MF2 - THE MAY FAMILY IN AFRICA
M2/5. Percy Augustus May = (1st) Ada Florence Spearman.
(1879-1963) [m.1900] (1874 - 1909)
= (2nd) Mabel Helene Squires nee Nolan.
[m. 1919] (1883 - 1962)
Percy Augustus May was born on 11th.March, 1879 in Reigate and he was the second youngest in the family of Charles May and Caroline Amelia May nee Glessing. Owing to his Mother's German descent he was originally registered as Gustavus Percy, but was always called Percy or known by the nickname of 'Slump', given by his family.
Girlie informed us that this change of name from the German style was not by Deed Poll but just by usage, according to her father.
Percy did not talk much about his childhood in England, but it is known that he went to France to finish his education and became very proficient in the French language, speaking without a foreign accent and like a Parisian.
In his usual quizzical way, when his son asked him what was the best way to learn to speak French he said, 'Take out a French prostitute and don't pay her! In that way, you learn the language very quickly '. He was always one for a little light-hearted joke.
Another was a teasing remark whenever there was any complaint, either to or from him, he would say it was 'because he had a bone in his leg'.
And a favourite saying was, 'What a life without a wife, ten times worse with one!' I remember that these little joking remarks were typical of him and the May family in general.
Doris was of the opinion that her father was educated in France simply because he was the youngest boy in the family [and by then they were presumably more able to afford the expense.]
Percy Augustus May was married on 27th.August, 1900 in Malden to Ada Florence Spearman, she was born on 18th.August, 1874 in Suffolk, the daughter of William Spearman and Florence Maud Spearman nee Parmentier. Ada Florence May nee Spearman died a couple of days after her 35th.birthday, on 22nd.August, 1909 in Ostende, Belgium, as the family were on their way home to England.
Census: 1901, Percy A May - aged 22, married, living at 9,Tolverne Road, North Wimbledon. Own account working at home. 2 others in family [Source 1901 Census via Sarah Jane Day]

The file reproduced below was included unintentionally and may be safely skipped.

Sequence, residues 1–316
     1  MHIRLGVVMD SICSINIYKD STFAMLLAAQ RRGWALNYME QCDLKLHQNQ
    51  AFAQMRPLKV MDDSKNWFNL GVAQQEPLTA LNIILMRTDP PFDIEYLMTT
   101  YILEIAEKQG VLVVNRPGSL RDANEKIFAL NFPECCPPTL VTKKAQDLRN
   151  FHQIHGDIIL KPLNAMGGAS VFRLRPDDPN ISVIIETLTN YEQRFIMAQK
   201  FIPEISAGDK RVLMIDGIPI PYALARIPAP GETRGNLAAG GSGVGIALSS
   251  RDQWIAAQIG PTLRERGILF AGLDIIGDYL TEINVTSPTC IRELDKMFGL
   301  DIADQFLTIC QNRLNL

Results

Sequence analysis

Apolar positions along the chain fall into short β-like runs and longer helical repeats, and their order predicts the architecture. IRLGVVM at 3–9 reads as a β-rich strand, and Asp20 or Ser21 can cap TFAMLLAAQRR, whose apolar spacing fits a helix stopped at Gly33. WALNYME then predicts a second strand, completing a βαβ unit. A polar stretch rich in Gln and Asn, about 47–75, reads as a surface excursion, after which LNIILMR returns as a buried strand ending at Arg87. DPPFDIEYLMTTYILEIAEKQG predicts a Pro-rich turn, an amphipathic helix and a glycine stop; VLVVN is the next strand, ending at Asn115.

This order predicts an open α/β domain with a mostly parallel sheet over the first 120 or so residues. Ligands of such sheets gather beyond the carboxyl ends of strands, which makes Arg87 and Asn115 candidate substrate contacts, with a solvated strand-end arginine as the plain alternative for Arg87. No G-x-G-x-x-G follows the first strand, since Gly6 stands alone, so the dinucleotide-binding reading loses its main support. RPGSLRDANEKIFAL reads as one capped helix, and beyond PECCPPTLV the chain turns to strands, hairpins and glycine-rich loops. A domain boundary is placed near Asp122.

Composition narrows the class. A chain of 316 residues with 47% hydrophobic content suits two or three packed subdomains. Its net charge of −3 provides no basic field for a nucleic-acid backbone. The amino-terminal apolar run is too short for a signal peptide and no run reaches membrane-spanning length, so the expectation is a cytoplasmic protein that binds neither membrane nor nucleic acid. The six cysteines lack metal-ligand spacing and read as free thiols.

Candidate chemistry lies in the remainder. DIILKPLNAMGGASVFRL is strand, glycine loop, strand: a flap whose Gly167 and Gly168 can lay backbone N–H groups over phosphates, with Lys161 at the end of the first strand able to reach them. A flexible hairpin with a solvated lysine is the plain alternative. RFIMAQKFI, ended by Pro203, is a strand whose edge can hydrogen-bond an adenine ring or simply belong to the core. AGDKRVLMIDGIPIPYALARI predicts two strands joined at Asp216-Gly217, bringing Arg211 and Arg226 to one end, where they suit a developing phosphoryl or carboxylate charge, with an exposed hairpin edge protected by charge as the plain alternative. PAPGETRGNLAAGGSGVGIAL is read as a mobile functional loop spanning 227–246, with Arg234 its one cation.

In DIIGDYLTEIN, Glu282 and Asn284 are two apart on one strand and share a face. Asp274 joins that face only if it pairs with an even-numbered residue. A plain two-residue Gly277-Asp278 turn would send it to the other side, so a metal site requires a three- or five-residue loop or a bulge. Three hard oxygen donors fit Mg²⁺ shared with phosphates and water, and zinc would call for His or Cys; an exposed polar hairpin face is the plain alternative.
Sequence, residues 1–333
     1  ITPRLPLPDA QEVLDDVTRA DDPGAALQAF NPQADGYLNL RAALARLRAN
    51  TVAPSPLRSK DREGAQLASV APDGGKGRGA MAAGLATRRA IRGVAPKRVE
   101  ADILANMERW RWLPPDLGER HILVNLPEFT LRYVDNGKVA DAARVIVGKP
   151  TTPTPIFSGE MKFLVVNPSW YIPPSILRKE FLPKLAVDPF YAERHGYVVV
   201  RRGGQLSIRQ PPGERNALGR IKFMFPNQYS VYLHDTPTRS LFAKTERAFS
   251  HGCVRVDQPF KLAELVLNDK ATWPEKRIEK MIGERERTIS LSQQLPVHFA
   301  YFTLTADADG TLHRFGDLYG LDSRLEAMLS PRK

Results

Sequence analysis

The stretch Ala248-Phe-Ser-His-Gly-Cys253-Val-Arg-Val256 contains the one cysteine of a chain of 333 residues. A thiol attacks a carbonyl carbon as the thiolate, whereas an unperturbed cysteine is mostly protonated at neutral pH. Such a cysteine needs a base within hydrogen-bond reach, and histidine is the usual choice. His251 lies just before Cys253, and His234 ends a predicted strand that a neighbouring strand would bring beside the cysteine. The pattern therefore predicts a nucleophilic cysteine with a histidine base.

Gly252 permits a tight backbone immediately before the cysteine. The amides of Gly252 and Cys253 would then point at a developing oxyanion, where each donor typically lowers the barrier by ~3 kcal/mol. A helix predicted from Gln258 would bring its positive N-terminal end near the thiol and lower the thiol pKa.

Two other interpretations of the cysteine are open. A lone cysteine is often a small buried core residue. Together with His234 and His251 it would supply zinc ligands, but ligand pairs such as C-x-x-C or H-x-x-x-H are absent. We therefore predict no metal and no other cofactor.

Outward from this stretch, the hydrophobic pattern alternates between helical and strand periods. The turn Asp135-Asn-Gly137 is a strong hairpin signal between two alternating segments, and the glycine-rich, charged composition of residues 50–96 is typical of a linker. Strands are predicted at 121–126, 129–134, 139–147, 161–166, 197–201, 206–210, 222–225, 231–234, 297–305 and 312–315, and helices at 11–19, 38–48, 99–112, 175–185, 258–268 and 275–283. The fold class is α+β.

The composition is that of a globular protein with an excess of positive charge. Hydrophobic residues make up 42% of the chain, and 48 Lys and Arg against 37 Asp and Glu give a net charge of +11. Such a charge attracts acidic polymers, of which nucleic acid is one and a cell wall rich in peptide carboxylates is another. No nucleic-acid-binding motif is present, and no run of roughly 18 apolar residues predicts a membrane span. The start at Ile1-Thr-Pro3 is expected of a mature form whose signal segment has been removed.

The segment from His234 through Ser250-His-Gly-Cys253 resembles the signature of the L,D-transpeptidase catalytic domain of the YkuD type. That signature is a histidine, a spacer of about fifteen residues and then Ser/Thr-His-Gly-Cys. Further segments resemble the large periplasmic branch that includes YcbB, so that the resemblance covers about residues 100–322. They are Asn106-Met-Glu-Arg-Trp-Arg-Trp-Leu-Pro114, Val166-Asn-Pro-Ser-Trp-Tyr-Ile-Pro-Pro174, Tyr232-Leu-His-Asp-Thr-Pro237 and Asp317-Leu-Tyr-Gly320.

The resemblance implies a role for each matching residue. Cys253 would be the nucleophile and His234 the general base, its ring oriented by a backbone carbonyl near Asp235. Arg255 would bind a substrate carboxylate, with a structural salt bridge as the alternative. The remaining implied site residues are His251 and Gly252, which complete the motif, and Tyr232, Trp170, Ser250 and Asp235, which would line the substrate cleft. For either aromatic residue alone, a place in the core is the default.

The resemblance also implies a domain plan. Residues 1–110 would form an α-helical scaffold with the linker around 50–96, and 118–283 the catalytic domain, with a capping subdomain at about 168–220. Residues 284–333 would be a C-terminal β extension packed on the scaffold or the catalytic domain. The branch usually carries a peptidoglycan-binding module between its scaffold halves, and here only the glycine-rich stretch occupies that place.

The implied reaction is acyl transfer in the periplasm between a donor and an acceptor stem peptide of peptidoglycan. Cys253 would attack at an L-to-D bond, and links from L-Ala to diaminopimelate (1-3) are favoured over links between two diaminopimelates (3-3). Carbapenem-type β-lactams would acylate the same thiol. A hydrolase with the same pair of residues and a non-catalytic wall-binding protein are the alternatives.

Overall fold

Sarah J. Day wrote on 6/10/2002:
Been to KEW and found out:
9 Toverne Rd, North Wimbledon
Percy A May - Head 22 as bank clerk; own account working at home. Born at Redhill
Ada L May - wife age 27 as dressmaker. Born Chitton Sudbury, Suffolk
Helen Spearman - sister in law - single born Chilton Sudbury
[There was an Emma Parmentier traced, who was nine years old in 1847. Perhaps this was the sister of Florence Maud Spearman nee Parmentier, in other words the great aunt of the four May children.]
Doris wrote (14.11.1988): 'I expect you know that Pa was educated in Paris and at one time we lived in Belgium, where Jack was born at a place called Rance. Pa was Manager of a Watch and Clock factory, where a lot of marble and bronze was used in their manufacture. [Doris had a small bust of Napoleon in bronze and marble made there, so she added the factory may have been more for statue production than watch and clock manufacture. Also on the mantelpiece of the May's home 'Wellwood, in Rouwkoop Road, Rondebosch there were two bronze statuettes and a marble and bronze clock from the days when he was employed there. The clock was handed down to Victor's grandson, Sean Colgan, who now lives in Perth, Australia, as does his sister, Elizabeth but Desia Colgan remained in South Africa]. At one time he[Percy] had a farm in England and I still remember the watercress growing in the stream and the gypsy caravan on the property. In the First World War he joined the City of London Volunteers and when it came to going to fight in France he was in a dilemma as to what would happen to his children. It was then, in 1916, he was sent to Livingstone by the Chartered Company.
I know nothing about my Mother, I was only three years and 10 months old when she died. [It would seem that Doris was mistaken over this and she meant four years and 10 months old] I have a photo of her with a bicycle and another of her in a group with Pa, Auntie Baddy and my Mother's sister, Nell [Parmentier].' Desia Wood also mentioned that Doris had a sampler worked by Emma Parmentier.
Desia Wood wrote in January, 2002: 'Aunt Doris told me that her Father left England in 1916 because he was concerned that (a) he would be unable to support his children if called up, (b) having German connections could mean internment. For that reason also, he changed his name from Gustavus Percival to Percy Augustus.'
And to continue, 'I was told that the cause of my Grandmother's early demise was peritonitis after the birth of Jack, but I note that Jack was already 17 months old when she died.'
According to Phillip's recollections he would tell of the time when he [Percy] was living in Wimbledon, in about 1898, and saw a man, reputed to be 'Jack the Ripper' running away up the street. Apparently 'Jack' used to announce his expected whereabouts beforehand. Another story was in connection with his attempt to run a pub, which got into financial difficulties because of the number of drinks that were given away by him without charge.
Address: (Facts Page) 1: 1878 Redhill
Address: (Facts Page) 2: 1881 Croydon
Census 1881 31, Alexandra Road, Croydon, Surrey aged 2